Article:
Lesson 4

Note from Kathy: In the sidebar, I have added an article on bible reading and the link to Megan Hill’s wonderful book on prayer.


Lesson 4

Psalm 110

This is the 3rd psalm of David in book five and it shows us the redemptive plan of god, and even the whole meaning of the kingship. Most of it is about a victorious king who God, himself, seats at His right hand. He promises to subject the king’s enemies to him that they will be no more than a footstool. (soldiers would put their feet on the neck of the defeated).

Jesus draws our attention to a detail in this text that we might otherwise overlook. It is so important that the three Synoptic gospels record His statement (Matt. 22:41-46). Continue reading “Lesson 4”

Romans, Week 4

Last week in the five verses of Romans 8:12–17 we covered a lot of good ground.

Paul builds upon what we studied previously: that there is no condemnation for those who are in Christ Jesus because God sent his only Son to condemn sin in the flesh in order that we might live empowered by the indwelling Spirit, setting our minds on the Spirit, thus gaining life and peace. Because Christ is in us, we belong to him, and even though our bodies are weakened and will someday die, because God raised Jesus from the grave, we trust that he will do the same for us. What follows is based upon these precious truths. Continue reading “Romans, Week 4”

Lesson 3

The Messiah in the Psalms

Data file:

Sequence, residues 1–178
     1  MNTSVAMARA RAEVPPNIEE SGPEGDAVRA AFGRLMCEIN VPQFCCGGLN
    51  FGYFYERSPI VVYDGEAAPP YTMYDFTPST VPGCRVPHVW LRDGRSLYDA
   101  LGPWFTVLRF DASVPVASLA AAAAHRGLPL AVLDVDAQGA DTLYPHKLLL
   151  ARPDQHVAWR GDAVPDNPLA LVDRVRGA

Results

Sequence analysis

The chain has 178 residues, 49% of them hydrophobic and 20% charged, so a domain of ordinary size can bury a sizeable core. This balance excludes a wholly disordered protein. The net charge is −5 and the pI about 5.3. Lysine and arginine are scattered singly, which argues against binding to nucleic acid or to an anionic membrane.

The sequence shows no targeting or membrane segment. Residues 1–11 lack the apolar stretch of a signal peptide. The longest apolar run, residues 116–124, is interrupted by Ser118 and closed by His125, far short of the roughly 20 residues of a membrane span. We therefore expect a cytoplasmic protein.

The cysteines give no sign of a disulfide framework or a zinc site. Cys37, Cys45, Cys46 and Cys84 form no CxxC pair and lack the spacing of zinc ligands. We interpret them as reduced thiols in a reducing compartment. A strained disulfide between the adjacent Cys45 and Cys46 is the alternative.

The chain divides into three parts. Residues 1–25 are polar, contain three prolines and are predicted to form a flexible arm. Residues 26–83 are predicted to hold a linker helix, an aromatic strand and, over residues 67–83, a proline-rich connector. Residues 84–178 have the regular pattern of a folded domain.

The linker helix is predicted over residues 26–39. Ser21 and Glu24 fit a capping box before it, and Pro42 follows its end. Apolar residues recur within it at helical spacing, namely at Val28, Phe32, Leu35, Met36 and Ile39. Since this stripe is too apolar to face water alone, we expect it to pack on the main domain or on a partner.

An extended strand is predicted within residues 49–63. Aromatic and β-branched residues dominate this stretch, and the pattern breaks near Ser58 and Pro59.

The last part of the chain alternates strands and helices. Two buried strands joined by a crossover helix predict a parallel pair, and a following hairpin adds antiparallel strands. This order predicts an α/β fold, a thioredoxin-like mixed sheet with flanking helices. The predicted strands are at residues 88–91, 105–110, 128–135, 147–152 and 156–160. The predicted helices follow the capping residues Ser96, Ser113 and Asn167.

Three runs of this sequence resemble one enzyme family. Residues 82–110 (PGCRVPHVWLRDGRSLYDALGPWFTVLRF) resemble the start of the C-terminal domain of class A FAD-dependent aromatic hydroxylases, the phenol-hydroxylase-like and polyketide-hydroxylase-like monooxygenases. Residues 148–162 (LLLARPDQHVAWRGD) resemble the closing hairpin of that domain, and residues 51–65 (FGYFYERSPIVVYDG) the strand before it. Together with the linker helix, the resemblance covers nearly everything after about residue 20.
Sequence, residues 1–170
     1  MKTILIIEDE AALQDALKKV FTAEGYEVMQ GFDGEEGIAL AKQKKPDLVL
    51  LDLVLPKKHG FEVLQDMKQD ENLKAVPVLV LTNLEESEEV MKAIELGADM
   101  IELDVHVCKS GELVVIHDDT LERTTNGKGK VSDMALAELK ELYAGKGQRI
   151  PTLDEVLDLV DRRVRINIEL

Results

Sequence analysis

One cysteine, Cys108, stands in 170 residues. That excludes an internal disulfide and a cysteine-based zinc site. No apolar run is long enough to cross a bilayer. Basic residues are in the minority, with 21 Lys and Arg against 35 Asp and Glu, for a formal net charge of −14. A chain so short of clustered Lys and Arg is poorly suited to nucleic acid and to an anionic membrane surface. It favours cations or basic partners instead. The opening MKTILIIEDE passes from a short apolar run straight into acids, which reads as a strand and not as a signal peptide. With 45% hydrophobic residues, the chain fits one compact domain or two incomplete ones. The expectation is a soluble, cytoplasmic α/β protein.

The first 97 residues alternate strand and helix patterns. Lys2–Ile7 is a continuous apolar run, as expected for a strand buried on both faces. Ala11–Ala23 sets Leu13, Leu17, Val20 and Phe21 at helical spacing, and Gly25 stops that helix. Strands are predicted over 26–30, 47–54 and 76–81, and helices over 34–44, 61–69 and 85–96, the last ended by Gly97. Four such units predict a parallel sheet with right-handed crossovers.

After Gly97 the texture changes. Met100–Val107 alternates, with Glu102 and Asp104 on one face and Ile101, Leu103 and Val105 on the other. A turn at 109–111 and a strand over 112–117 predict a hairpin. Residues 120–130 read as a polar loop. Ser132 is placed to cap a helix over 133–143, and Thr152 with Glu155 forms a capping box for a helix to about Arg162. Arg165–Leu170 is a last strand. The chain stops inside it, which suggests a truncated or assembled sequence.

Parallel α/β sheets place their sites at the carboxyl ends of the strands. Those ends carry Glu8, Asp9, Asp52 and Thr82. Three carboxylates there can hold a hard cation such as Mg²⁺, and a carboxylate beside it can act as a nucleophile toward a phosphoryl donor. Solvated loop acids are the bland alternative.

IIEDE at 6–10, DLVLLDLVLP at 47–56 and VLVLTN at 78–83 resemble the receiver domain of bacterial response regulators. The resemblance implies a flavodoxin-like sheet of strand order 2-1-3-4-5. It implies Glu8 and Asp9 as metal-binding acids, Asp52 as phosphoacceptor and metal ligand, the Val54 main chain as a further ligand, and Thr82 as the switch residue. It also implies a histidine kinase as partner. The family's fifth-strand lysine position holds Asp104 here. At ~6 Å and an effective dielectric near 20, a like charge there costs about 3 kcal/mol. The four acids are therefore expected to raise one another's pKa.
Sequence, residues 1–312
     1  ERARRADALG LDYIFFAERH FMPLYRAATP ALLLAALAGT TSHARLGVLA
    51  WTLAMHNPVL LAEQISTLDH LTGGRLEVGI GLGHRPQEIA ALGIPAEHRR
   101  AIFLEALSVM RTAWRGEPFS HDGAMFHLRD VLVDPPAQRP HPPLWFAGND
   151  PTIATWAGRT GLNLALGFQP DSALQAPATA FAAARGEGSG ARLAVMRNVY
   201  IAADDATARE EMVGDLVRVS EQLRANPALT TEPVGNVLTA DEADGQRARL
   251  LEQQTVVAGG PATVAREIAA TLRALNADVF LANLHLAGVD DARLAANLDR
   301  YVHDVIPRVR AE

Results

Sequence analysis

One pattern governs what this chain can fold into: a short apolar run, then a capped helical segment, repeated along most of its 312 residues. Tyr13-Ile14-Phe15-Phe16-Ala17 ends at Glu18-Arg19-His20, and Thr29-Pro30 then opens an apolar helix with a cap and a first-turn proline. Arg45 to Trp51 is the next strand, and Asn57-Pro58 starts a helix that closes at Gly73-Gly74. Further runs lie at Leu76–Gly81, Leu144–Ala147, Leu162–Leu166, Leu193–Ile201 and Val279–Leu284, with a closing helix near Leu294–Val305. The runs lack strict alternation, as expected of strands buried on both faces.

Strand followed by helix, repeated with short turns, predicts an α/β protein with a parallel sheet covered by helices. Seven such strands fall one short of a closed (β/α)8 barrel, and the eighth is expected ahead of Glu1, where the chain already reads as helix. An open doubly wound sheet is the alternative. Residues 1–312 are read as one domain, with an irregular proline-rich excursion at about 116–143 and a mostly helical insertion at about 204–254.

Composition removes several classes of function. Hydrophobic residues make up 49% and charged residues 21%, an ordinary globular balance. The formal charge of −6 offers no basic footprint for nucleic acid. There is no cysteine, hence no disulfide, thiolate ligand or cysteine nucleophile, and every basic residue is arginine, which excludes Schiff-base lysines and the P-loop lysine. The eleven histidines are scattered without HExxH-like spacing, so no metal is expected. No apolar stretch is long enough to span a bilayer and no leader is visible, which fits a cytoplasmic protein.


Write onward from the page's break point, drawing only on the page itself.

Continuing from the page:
First we need to see the scripture in its historical context, but we need to see the N T  as a guide to how we can approach the psalms. It is significant that Jesus speaks in a comprehensive way about his relationship to the Old Testament.

Luk 24:25  And he said to them, “O foolish ones, and slow of heart to believe all that the prophets have spoken! Luk 24:26  Was it not necessary that the Christ should suffer these things and enter into his glory?” Luk 24:27  And beginning with Moses and all the Prophets, he interpreted to them in all the Scriptures the things concerning himself.

The crucifixion and the resurrection were not haphazard events but were part of God’s plan already revealed in the Old Testament.  If then Jesus is the fulfillment of the O T Scriptures then we should see the O T as incomplete and anticipates the Messiah who would fulfill all things. This implies that the O T cannot be fully understood apart from understanding that Jesus is the fulfillment of God’s plan through out the redemptive history. We cannot properly understand the O T without reading through Christological lens. Continue reading “Lesson 3”

Romans, Week 3

This week we studied Romans 8:1-11, which begins:

There is therefore now no condemnation for those who are in Christ Jesus. For the law of the Spirit of life has set you free in Christ Jesus from the law of sin and death. For God has done what the law, weakened by the flesh, could not do. By sending his own Son in the likeness of sinful flesh and for sin, he condemned sin in the flesh in order that we might fulfill the righteous requirement of the law. — Romans 8:1-2

With these words Paul kicks off the chapter that is the pinnacle of his great epistle to the Romans. In these four verses we find the heart of the gospel: God sent his Son Jesus Christ to condemn sin so that the Spirit might set us free to live in a manner that fulfills the righteous requirement of the law. And those who have been set free in Christ are no longer—and never will be again—condemned! With this glorious declaration Paul is looking back at the foundation that he has been building for justification by faith alone, and looking forward to the love of God in Christ from which nothing in all creation can separate us, making us more than conquerors in him. Nothing can separate us from God’s love because we are justified and there is therefore now no condemnation for us. Put the other way, There is no condemnation for us because we are now in Christ, and once in Christ there is nothing that can separate us from God’s love. Continue reading “Romans, Week 3”